to express their love for him at this critical time, was a true
    blessing. He proudly, defiantly, compassionately, generously, and
    wisely provides a model for us to draw upon as we move forward a
    legacy of struggle, dignity, possibility and profound love for
    community and humanity. Rod has and will continue to be, in all of us,
    a true warrior for the best of what can be.

    It is in his memory that we shall walk with dignity even as we
    navigate our searing sorrow and overwhelming grief. Let his example
    make us stronger fighters for justice, and better, more loving people.
    May we count every blessing and use these to lift us to fight for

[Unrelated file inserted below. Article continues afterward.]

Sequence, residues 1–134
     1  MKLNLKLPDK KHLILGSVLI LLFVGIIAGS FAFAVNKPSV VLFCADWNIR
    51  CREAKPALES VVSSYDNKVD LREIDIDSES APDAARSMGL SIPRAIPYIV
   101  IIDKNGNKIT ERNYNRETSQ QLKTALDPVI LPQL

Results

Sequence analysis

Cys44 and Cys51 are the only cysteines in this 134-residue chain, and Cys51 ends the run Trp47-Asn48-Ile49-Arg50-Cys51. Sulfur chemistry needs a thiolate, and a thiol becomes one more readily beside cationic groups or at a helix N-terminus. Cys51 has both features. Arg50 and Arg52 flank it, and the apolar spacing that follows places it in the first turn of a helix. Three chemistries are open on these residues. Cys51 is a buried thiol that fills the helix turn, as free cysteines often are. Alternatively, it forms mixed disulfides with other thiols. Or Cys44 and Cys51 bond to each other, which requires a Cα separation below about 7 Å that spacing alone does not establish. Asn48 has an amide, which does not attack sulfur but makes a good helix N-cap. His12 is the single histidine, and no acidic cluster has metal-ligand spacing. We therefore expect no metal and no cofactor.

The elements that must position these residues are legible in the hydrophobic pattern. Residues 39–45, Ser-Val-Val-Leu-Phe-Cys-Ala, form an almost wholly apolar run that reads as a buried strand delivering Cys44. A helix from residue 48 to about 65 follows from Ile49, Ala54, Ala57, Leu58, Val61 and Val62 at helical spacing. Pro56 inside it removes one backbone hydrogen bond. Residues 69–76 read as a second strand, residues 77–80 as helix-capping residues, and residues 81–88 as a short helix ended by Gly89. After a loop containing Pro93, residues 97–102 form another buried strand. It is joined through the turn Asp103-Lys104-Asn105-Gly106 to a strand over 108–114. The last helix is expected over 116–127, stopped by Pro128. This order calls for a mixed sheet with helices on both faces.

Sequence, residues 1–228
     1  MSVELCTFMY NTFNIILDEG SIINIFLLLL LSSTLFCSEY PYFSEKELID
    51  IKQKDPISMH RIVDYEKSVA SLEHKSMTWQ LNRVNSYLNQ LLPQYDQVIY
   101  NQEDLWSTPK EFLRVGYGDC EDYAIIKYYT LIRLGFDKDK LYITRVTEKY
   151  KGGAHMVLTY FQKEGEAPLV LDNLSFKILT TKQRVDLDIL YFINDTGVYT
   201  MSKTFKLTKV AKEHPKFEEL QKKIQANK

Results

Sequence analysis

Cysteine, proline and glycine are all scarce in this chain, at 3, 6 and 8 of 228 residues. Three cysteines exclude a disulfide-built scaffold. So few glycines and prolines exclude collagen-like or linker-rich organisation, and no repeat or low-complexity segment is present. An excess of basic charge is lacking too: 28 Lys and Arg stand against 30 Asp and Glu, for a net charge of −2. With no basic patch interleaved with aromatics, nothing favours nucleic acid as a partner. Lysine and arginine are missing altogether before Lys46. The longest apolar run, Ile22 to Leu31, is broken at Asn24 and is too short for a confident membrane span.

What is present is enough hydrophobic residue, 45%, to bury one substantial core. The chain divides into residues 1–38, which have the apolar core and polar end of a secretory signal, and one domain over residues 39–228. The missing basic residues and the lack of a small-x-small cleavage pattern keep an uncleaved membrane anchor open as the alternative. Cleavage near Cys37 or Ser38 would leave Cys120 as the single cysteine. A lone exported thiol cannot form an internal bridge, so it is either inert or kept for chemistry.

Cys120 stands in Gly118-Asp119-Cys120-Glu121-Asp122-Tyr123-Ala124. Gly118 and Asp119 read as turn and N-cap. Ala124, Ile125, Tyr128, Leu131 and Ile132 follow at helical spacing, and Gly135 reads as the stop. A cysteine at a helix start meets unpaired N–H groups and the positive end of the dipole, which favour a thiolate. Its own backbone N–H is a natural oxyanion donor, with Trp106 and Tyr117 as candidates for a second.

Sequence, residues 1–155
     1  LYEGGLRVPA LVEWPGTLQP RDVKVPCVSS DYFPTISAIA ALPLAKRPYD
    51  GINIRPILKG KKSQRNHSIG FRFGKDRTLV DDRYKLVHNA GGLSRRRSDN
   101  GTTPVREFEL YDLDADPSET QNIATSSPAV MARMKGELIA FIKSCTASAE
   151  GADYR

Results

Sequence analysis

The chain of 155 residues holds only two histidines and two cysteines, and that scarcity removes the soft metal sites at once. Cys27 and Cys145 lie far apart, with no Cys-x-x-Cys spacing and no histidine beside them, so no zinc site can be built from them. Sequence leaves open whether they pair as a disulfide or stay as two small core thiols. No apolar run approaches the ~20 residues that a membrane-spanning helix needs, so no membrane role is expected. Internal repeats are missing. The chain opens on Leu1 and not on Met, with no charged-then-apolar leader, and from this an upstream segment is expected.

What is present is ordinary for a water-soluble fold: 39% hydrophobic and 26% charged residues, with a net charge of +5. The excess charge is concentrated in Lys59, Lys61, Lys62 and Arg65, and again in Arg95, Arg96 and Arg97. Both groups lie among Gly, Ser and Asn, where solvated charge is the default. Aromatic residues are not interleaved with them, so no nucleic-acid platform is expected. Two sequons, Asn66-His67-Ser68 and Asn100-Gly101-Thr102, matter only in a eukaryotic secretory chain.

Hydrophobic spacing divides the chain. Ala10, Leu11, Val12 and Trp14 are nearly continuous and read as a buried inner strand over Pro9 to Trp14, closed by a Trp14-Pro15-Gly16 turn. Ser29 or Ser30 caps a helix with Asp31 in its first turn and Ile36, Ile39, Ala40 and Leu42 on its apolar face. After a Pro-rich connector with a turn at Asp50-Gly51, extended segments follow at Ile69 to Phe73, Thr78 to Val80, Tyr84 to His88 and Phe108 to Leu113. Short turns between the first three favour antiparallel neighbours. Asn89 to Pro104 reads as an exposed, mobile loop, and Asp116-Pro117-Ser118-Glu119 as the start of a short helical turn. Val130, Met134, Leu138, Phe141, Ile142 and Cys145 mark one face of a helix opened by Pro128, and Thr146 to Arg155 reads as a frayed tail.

right, not some of our days but all of our days, and all day long.

    Rod passed on the anniversary of his mother’s transition in 2007 and
    on the same train as Nelson. We KNOW they are talking, laughing,
    debating, reflecting and possibly even watching Happy Feet 2. Let’s do
    the same in their honor.

    We are so grateful for the love and generosity that you have shared
    with Rod, and with us. It is only for the likes of people who do
    believe that we can change the world that we already have and will
    continue to do so as time marches on.

    ..............................
    The funeral will take place in Florida and a Memorial Service will
    take place in New York at a later date.

    A webpage will be set up so that you may post photos, memories, access
    his writing etc.

    If you want to forward expressions to the family, you may send them
    to: 642 East 26th Street Brooklyn NY 11210

    If you want to communicate immediately with the family, you may do so
    to melanie.e.l.bush@gmail.com